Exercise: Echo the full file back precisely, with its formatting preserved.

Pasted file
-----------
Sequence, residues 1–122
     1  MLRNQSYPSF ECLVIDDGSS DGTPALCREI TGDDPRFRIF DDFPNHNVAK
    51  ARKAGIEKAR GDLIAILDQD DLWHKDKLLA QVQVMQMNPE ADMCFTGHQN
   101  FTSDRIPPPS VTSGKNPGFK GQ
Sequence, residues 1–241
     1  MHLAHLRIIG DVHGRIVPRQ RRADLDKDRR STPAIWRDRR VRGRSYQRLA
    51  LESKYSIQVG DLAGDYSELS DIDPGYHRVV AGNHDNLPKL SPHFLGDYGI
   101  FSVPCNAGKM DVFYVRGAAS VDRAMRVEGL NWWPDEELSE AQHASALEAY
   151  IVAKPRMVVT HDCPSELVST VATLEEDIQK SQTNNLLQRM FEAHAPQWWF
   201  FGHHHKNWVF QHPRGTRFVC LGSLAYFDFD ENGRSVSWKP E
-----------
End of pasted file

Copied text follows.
Sequence, residues 1–122
     1  MLRNQSYPSF ECLVIDDGSS DGTPALCREI TGDDPRFRIF DDFPNHNVAK
    51  ARKAGIEKAR GDLIAILDQD DLWHKDKLLA QVQVMQMNPE ADMCFTGHQN
   101  FTSDRIPPPS VTSGKNPGFK GQ
Sequence, residues 1–241
     1  MHLAHLRIIG DVHGRIVPRQ RRADLDKDRR STPAIWRDRR VRGRSYQRLA
    51  LESKYSIQVG DLAGDYSELS DIDPGYHRVV AGNHDNLPKL SPHFLGDYGI
   101  FSVPCNAGKM DVFYVRGAAS VDRAMRVEGL NWWPDEELSE AQHASALEAY
   151  IVAKPRMVVT HDCPSELVST VATLEEDIQK SQTNNLLQRM FEAHAPQWWF
   201  FGHHHKNWVF QHPRGTRFVC LGSLAYFDFD ENGRSVSWKP E